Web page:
The Biggest Life Event That No One Talks About

Retirement is more than a transition in our relationship with money. It is a major shift in our sense of self. The work that has defined our lives for decades begins to fade from view. Everything about life is different after retirement, down to the minute details of the daily routine. I think it is important to ask yourself, who am I without my job, without my career? And more importantly, how will I spend my time? How will I spend my days, weeks, months, seasons, and years once the routine ends? These are vital questions for anyone contemplating retirement. For many, the allure of endless days on the beach or in the garden loses its luster quite fast. The risk of becoming bored is a real and unexpected risk that many retirees face.

https://blairbellecurve.com/the-biggest-life-event-that-no-one-talks-about/

The endless string of triple digit days has finally ended. I’m so thankful that it’s not Too Hot to Blog and the writing is free and effortless once again. I’m still thinking strategy because having A Plan is Not a Strategy – Update 08.03.22. Yet time and time again the question begs an answer. How will I spend my time in retirement?

As long as I continue working the question doesn’t require an answer.

I guess I’ll keep working.

9 thoughts on “The Biggest Life Event That No One Talks About

  1. Even though I only work one day per week now, When I stop that in the next two years, I believe that’s going to be a huge event emotionally. My identity is tied up in my profession. I’m still able to use the present tense.

    • When still using the present tense our identities remain intact. I have been pretty good at shifting roles and identities over the years. But the concept of a retirement with loss of a primary identity doesn’t appeal to me. What do you do with all the time?

      • Yes, that loss of identity is is kind of scary. One of the main reasons I continue the once a week working.

        I have no trouble at all filling the time. I increased the amount of exercise I do. Much lower intensity, but it takes me longer. I walk the same route I used to run in 35 minutes. Now it takes me an hour. And I go to the gym several days a week for an hour. And every morning I swim in the pool for about 30 to 45 minutes.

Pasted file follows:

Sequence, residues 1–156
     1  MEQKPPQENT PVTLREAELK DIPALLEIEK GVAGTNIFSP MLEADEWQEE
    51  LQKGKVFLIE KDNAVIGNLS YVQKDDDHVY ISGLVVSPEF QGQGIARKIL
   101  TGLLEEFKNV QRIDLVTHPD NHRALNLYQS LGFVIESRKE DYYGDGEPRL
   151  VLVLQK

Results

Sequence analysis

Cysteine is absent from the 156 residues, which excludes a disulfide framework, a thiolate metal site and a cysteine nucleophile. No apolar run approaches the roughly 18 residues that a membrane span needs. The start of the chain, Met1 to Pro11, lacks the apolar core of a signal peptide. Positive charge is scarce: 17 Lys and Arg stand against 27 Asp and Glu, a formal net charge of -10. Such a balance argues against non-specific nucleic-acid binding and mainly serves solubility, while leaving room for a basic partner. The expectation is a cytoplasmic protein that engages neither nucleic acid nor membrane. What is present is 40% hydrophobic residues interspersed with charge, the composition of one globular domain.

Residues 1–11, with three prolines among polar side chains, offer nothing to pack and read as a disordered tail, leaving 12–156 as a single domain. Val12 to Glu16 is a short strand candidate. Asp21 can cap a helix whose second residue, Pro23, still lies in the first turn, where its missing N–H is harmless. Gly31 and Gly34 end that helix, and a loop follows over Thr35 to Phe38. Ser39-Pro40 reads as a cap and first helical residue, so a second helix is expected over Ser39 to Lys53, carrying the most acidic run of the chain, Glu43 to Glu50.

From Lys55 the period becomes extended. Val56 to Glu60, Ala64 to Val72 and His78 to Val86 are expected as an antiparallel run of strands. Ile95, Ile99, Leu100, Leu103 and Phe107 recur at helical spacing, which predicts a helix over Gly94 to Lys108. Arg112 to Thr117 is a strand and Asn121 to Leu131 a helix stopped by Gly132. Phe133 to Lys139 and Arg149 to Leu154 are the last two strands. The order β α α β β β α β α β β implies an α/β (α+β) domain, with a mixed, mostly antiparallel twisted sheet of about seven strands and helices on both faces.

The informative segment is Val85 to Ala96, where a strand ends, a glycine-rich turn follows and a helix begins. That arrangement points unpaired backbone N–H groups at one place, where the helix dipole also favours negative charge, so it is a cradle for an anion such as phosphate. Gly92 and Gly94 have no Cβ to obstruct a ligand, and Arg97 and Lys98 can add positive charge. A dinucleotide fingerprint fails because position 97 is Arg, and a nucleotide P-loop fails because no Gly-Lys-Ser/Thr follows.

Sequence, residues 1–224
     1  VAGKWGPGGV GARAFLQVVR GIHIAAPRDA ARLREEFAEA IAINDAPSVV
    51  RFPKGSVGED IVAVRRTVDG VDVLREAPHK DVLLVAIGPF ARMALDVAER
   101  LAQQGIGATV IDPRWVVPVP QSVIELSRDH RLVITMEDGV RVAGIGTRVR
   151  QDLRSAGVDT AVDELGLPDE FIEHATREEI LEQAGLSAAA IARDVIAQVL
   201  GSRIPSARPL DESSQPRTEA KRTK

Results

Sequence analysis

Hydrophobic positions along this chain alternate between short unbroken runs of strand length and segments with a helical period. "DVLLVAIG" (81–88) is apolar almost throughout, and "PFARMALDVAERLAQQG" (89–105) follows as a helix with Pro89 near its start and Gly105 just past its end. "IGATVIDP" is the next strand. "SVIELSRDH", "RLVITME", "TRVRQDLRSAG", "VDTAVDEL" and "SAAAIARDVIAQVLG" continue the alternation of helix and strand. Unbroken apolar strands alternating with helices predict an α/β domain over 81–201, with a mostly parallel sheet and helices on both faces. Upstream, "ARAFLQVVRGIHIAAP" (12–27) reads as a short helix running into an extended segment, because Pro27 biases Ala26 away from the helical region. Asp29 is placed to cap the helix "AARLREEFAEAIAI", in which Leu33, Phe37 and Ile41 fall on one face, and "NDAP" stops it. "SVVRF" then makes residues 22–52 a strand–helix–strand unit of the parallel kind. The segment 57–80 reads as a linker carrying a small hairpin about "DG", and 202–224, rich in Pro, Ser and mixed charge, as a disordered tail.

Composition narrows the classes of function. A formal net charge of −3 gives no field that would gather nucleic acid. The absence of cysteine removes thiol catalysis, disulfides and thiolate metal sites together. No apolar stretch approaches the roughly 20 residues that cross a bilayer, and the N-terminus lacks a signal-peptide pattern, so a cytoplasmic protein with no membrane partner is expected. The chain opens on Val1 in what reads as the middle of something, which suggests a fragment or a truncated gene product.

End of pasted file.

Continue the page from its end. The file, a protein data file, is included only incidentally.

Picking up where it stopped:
I’ve made some good friends through Tai Chi class. We get together twice a week to do Tai Chi and then we also socialize and get together for lunches and play dates with our various dogs.

        Then I also take a senior exercise class that is a long drive. I actually spend twice as much time in the car as I do exercising. But it is at a beautiful park And the people there are interesting.

        Before Covid I used to do a lot of day trips and going to museums and art galleries but and markets and trying new restaurants. Since Covid that has changed. My new project is learning Spanish. I really enjoy it but it is a slog. It is so difficult learning a new language in your 70s. But I keep at it and practice every day.

        Then I have my golden retriever who might take out on adventures periodically. He loves it. So we make a morning of it. Then it seems to take most of the rest of the day to be with him and get all the sand out, launder all the towels and clothing, and clean the sand out of the truck.

        I read and follow social media. I watch a little television. Much less since I started studying Spanish. and I sleep two hours more a night. I was only sleeping five hours, but having read more about the benefits of sleep, I have increased that to seven hours a night. It is cutting into my leisure, but I think it’s better for my brain in the long run. I rarely nap. I’ve just never been good at sleeping in the middle of the day.

      • Sounds like you have no problems with finding things to do with your extra time. The loss of your primary identity is still the main issue and is what I struggle with the most. I too can fill in the time with plenty of activities but stopping who you have been for nearly 50 years will be challenging.

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